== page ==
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A bright future for roadside solar farms

Two solar farms alongside the Mass. Pike contain 2,100 panels each.
Two solar farms alongside the Mass. Pike contain 2,100 panels each.Joanne Rathe/Globe Staff

Five solar projects sprouting along the Massachusetts Turnpike and Route 3 are not the largest in the state, but they are among the most visible and striking examples of a solar industry that has grown more rapidly than most policy makers and energy specialists ever imagined.

As tens of thousands of commuters whiz by, the gleaming rows of solar panels in locations like the Interstate 90 service plaza in Framingham, an embankment on the turnpike near Natick, or a rest area on Route 3 in Plymouth show how solar power has been integrated into daily life. The Framingham and Natick projects are already generating power; when the other sites in Framingham and Plymouth become operational later this month, the five solar farms will produce a combined 2,500 kilowatts of electricity, enough to power about 500 homes.

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The highway solar farms are part of an initiative launched two years ago by the state Department of Transportation that will build at least 10 solar projects on unused department property, eight of them along the Mass Pike. The remaining solar farms will be built next year near Stockbridge and in Salisbury off of Interstate 95.

Ameresco Inc. in Framingham, a publicly traded energy management and procurement company, is developing the solar projects under a contract that pays the DOT nearly $100,000 a year in land leases and allows it to buy electricity at reduced rates from Ameresco. The lower power costs could save the state $15 million over 20 years.

Officials from Ameresco Inc. inspected the site.
Officials from Ameresco Inc. inspected the site.Joanne Rathe/Globe Staff

Ameresco, which is investing at least $12 million in the solar project, is allowed to sell excess power to electric utilities at a profit.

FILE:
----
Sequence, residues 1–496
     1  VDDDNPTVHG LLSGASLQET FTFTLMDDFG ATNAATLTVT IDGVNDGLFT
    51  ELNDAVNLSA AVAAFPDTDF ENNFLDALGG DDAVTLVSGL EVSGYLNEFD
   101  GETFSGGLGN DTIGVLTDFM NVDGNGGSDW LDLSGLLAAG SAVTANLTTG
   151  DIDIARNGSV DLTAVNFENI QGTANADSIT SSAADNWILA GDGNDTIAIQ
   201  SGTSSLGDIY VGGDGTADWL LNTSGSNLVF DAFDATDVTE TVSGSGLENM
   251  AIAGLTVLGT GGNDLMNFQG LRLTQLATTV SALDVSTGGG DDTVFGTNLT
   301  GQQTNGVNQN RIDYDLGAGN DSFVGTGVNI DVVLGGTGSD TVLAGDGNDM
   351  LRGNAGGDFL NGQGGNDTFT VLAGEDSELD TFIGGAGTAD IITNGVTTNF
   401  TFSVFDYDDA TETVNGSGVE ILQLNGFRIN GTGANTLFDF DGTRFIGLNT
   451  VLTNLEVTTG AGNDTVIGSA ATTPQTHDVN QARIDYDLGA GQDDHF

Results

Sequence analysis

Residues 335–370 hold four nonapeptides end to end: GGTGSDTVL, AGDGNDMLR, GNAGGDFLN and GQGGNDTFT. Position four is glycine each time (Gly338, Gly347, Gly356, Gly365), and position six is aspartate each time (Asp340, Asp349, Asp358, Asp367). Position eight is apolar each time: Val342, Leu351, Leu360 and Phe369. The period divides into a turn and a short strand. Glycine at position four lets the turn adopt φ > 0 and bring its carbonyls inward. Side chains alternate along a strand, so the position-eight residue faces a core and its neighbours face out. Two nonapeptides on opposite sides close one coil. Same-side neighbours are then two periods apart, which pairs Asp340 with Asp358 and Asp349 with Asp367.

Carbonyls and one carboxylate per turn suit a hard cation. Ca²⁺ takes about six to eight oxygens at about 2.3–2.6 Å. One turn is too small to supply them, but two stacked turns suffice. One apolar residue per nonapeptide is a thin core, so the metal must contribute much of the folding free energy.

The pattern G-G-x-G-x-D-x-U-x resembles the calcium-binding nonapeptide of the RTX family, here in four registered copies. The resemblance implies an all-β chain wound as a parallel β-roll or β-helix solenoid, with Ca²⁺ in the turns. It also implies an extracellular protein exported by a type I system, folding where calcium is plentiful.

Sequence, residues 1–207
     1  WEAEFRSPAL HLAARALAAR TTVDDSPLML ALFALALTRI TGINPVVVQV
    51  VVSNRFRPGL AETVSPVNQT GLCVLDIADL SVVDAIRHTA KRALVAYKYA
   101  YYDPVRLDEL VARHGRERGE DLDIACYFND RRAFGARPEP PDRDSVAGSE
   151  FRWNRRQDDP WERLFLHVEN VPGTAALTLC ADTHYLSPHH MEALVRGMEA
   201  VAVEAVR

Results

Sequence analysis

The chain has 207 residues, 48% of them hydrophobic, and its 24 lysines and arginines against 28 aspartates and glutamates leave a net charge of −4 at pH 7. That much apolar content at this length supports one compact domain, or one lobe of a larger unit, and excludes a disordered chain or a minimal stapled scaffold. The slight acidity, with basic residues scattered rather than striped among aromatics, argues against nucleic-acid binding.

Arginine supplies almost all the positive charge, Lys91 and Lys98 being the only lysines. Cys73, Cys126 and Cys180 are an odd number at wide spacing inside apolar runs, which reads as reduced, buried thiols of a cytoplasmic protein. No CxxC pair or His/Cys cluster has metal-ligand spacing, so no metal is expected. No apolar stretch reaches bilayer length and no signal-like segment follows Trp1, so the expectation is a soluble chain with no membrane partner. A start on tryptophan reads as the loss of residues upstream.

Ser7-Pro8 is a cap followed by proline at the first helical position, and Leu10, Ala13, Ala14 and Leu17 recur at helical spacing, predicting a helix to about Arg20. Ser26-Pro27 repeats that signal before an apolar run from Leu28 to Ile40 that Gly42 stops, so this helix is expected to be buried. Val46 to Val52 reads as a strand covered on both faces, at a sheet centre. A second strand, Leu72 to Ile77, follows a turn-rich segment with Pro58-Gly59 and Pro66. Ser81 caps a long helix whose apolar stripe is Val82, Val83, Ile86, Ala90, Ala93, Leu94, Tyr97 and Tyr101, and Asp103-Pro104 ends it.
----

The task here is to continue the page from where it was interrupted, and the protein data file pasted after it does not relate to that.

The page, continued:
"It's a win-win situation for both," said Hongyan Oliver, a renewable energy analyst and project manager at the transportation department. "The more electricity produced, the more money we save, and the more they make."

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The highway solar projects are part of a wider push by the state to expand the use of renewable energy to generate electricity. Before the Green Communities Act, which set out ambitious goals to cut carbon pollution and boost wind, solar, and other clean-energy technologies, was passed in 2008, Massachusetts had only about 3 megawatts of solar-power capacity across the state. Today, the state's solar capacity stands at 903 megawatts, or enough electricity to power about 137,500 homes, according to state data.

The state's solar push has been so successful that developers have already hit the caps on the amount of electricity that utilities must buy from solar producers. Last month, the Baker administration filed legislation to lift those solar caps. The long-term goal: producing 1,600 megawatts of solar-generated electricity by 2020, or enough to power about 240,000 homes.

To date, the largest solar farms in Massachusetts — in Billerica, Carver, Chester, and Dartmouth — can each produce a maximum of nearly 6,000 kilowatts of electricity. By comparison, the largest of the current and planned Ameresco projects — in Framingham, Salisbury and Stockbridge — will generate about 650 kilowatts.

Joe DeManche, executive vice president at Ameresco, looked over one of the solar farms his company has built along the Mass. Pike in Framingham.
Joe DeManche, executive vice president at Ameresco, looked over one of the solar farms his company has built along the Mass. Pike in Framingham.Joanne Rathe/Globe Staff

But the combined capacity of the 10 sites is about 5,500 kilowatts, making this public-private partnership a big deal in the renewable energy industry.

In Framingham, there are two solar farms on either side of the Pike's Exit 13, each containing 2,100 panels installed on metal ramps. Typically, each solar site has one or more inverters, to convert power from direct current to alternative current, and a transformer, to adjust voltage so power can be sent across the region's electric grid.

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Founded in 2000, Ameresco initially positioned itself as an energy management and efficiency firm whose involvement in the renewable energy market was limited to biogas: methane reclaimed from landfills and sewage treatment plants that is used to generate electricity or fuel for industrial boilers. But over the past five years or so, the company has pushed aggressively into other renewable energy fields, particularly solar power.

Today, 25 to 30 percent of Ameresco's more than $600 million in annual revenue comes from its renewable energy businesses. The company employs more than 1,000 people.

"The acceptance of solar and the penetration into the market has really accelerated in recent years," said Joe DeManche, an executive vice president at Ameresco. "There are all types of solar customers now: residential, government, and commercial."

Weather information is gathered at one of the solar farms.
Weather information is gathered at one of the solar farms.Joanne Rathe/Globe Staff

Jay Fitzgerald can be reached at jayfitzmedia@gmail.com.